Engineering practice across cultures is more or less standardised but I’ve observed that product management practice- the expectations and methods, vary between geographies. One of the major factors that influence our work is the predominant cultural fabric of the team. The way we do meetings in Germany are different to how it was done in India. When I freelanced for a company from Silicon Valley, it was quite different in another dimension. When I get into a debate with a German colleague, their criticism of my idea is not a criticism of my competency but a practice of sachlichkeit. An American colleague of mine had a hard time coping with direct, honest feedback from a Dutch colleague. As an Indian, I have rarely said No to more work from my boss but it’s common practice in teams in Europe. The way you’ negotiate your salary when interviewing for a German firm is different to how you’d do so for an Indian, French or American company. These nuances – I have learnt by making mistakes, observing, reading and lots of interactions with locals. I’d like to share some of these nuances that could help a Product Manager work better with his multi-national/multi-cultural team. It’d also help Product leaders who are looking at international talent for their team evaluate the candidates better in interviews.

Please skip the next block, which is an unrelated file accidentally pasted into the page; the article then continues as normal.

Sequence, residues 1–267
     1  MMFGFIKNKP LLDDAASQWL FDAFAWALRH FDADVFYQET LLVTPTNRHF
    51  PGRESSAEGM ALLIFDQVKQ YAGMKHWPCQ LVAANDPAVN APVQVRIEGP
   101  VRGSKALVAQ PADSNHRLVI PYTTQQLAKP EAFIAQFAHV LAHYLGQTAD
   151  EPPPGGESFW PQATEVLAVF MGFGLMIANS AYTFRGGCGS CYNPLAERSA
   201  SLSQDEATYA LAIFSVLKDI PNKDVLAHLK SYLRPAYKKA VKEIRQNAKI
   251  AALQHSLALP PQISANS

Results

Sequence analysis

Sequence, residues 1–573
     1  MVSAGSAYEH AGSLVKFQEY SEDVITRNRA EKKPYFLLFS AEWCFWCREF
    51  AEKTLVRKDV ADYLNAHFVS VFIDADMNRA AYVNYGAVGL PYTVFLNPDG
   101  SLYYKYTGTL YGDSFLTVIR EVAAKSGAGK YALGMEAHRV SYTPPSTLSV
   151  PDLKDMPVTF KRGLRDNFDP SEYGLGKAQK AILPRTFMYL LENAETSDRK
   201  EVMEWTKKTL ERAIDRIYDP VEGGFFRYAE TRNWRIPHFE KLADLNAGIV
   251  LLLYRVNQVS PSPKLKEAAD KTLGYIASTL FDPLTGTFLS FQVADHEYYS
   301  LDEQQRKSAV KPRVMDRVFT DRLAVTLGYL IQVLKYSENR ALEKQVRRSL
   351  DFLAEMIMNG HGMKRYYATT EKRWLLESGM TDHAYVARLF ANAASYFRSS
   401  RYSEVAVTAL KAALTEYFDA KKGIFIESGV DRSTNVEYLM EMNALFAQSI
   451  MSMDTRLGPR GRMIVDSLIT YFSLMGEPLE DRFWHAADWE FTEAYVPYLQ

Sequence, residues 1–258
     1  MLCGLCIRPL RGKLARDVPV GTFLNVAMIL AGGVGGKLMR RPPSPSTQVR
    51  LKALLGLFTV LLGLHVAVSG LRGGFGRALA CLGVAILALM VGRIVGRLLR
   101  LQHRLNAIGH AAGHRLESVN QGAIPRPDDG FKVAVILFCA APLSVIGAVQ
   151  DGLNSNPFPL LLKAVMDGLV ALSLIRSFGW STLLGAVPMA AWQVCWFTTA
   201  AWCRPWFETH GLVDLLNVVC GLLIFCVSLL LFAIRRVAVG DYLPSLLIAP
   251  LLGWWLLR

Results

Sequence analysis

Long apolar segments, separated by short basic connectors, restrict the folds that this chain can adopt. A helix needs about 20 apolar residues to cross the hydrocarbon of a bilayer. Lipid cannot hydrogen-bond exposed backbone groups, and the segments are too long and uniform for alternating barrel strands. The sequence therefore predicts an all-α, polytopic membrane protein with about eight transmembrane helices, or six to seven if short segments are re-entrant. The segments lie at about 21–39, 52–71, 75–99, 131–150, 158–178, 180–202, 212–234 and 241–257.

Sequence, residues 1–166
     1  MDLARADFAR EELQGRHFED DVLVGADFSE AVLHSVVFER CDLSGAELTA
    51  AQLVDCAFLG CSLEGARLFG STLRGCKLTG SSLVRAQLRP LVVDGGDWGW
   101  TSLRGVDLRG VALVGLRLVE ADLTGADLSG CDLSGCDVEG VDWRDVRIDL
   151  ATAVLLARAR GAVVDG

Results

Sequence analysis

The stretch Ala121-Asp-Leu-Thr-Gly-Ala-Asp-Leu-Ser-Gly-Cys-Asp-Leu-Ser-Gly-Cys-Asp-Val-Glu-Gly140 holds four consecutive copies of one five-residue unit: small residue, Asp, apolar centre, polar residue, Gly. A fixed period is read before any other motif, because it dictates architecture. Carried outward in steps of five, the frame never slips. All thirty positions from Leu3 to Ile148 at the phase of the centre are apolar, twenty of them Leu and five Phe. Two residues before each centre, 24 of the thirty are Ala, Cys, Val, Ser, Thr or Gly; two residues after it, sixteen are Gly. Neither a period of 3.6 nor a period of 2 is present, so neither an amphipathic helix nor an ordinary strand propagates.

- I’d like to share some nuances that could help a Product Manager work better with different members of his multi-national/multi-cultural team.
- It’d help Product leaders who are looking at recruiting international talent, to evaluate the applicants better during interviews by understanding the cultural background.
- It’d help PMs in new organizations quickly adapt to a new cultural dynamic.